We spent this last weekend around Monteriggioni since its medieval fair has become one of our favorite summer events. We took advantage to visit the area as well, visiting Colle Val d’Elsa and we’ll soon post about what we saw there.
“Monteriggioni di Torri si Corona” or “Monteriggioni Crowned by Towers” (the phrase comes from Dante Alighieri) is a medieval fair that takes place over two long weekends every July in this beautiful castle near Siena. The castle, very well conserved, is a pleasure to visit and ideal setting for recreating past eras.
It is easy to go back to the Middle Ages when surrounded by the large defensive walls and giant towers, walking amidst knights in armor, minstrels, musicians and tables set up to illustrate medieval crafts. A step back to medieval times is always fascinating, not least because it offers the possibility of being centuries away from our responsibilities of daily life especially once we turn off our cell phones 🙂 .
This year we even decided to go for two days in a row, on Friday and Saturday July 10 and 11 in order to enjoy the various attractions. Friday was definitely the better day since there were less people and even the entrance ticket cost a little bit less (8 euros instead of 10). Saturday is likely the most popular day to go on but the small castle has trouble containing the amount of people who come for the fair.
We had a lot of fun. Entertainment was provided by several groups of comedians and musicians, many of which we’ve seen perform on other similar fairs. The Giullari del Diavolo and their show, in particular is great and always makes us laugh. It was a disappointment to see them only on Friday and not on Saturday. La Giostra, a groups of minstrels/musicians from Sicily provided musical entertainment. Their parodies and ballads captured every public, from the families with small children in the late afternoon to the young adults late at night. There were many others including the minstrel presentators Messer Lurinetto and Giullar Cortese which always speak in rhyme or Metenio Atrippa and his camel, present at all of the most popular medieval fairs.
We weren’t very impressed with the Zorba Officine Creative who, despite their tumbling and balancing stunts aside, performed a parody of Shakespeare Othello that was a bit on the heavy side… :-/
In the field below the castle a military encampment was set up. Here we saw several tournaments including the joust of the Saracen, the joust of the ring and duels with lances. The presentation was very well executed as the knights made an impressive image in their armor astride their mounts. In practice, though, their performance in the jousts was a bit weak – it might have been the heat but it seemed they were merely presenting the practice and not actually participating in the games 😉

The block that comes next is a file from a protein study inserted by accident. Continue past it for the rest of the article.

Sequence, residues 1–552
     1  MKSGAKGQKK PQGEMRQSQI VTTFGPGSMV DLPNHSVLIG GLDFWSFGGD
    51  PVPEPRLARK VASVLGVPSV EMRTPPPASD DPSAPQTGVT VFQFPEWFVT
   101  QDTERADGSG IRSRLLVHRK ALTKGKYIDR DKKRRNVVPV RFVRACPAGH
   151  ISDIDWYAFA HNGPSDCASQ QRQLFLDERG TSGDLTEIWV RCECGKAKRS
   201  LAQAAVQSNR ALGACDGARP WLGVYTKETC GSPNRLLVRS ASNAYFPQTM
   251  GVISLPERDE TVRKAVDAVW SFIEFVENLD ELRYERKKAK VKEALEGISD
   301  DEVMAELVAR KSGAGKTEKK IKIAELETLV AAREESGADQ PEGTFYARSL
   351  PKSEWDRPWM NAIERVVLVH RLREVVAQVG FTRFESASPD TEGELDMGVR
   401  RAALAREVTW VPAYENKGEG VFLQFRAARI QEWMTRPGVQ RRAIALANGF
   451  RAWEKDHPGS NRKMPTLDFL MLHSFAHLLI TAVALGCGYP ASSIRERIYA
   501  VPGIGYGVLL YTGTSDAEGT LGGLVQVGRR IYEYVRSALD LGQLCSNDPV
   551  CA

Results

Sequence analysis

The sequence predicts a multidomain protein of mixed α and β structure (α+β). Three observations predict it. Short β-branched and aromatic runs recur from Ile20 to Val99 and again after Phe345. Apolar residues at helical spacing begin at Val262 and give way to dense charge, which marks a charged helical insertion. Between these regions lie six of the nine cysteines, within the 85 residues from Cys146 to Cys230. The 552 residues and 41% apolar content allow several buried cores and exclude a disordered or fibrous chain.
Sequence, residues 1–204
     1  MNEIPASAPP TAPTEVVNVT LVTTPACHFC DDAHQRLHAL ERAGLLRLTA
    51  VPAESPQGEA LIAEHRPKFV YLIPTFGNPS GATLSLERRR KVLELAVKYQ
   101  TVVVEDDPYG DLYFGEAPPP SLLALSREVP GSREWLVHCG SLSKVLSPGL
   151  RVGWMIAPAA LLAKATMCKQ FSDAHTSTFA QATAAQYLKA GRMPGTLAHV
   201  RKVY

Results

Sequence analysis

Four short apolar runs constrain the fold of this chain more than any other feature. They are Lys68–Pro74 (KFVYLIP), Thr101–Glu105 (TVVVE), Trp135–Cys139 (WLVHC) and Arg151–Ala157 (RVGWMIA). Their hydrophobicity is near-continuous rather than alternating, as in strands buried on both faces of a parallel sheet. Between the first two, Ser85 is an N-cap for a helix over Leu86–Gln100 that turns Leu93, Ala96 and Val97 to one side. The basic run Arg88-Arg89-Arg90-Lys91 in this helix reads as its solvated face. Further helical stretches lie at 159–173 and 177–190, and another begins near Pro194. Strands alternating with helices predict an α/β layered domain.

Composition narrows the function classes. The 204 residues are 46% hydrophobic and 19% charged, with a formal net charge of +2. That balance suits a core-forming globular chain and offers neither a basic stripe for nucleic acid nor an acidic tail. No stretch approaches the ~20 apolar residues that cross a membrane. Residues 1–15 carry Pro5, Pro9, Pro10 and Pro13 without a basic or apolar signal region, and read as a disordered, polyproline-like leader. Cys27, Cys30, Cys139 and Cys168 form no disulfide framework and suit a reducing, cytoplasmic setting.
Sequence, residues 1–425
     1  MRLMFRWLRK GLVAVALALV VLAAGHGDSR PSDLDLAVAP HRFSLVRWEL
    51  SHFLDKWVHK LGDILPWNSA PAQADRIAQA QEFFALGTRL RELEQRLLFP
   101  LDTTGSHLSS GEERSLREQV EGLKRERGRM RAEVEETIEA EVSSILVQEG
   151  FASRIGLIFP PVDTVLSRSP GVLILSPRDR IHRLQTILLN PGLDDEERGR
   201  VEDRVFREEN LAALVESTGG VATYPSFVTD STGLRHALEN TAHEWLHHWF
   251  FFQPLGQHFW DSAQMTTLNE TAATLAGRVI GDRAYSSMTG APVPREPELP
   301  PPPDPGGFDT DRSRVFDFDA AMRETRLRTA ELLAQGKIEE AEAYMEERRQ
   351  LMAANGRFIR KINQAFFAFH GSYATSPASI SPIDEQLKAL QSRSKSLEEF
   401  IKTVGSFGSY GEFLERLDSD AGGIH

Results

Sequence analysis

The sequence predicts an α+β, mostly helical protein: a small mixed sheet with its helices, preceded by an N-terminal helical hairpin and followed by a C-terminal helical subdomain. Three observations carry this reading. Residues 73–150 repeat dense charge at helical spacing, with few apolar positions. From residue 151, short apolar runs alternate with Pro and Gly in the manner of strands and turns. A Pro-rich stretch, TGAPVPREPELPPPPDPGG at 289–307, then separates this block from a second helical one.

We would also add that this year, compared to the last two times we went, we had the impression that the fair was downsized. There were fewer stalls demonstrating medieval trades, less choices in the “medieval” dishes (there was a well-appreciated stall by the famous Nannini pastry shop from Siena); in general, a bit less attractions along the narrow streets of Monteriggioni. The influx of vistors in any case certainly rewarded the fair’s organizers.
Disappointed to say we did not have the chance time-wise to organize ourselves and dress up in medieval costumes… but we did buy nice leather belts and a leather waist pouch from one of the craft stalls – from a lady from Treviso that has specialized in hand-making medieval looking leather accessories – and we will likely be ready in time for our next “medieval” fair (Roccatederighi or maybe Volterra)!
About Stefano Romeo
Stefano is a native from Florence but with a quarter of Sienese blood in his DNA and many years living in Pisa is a true Tuscan. He is still learning that his homeland has many corners and hidden gems he has to discover, ones he particularly enjoys seeing from the saddle of his bike.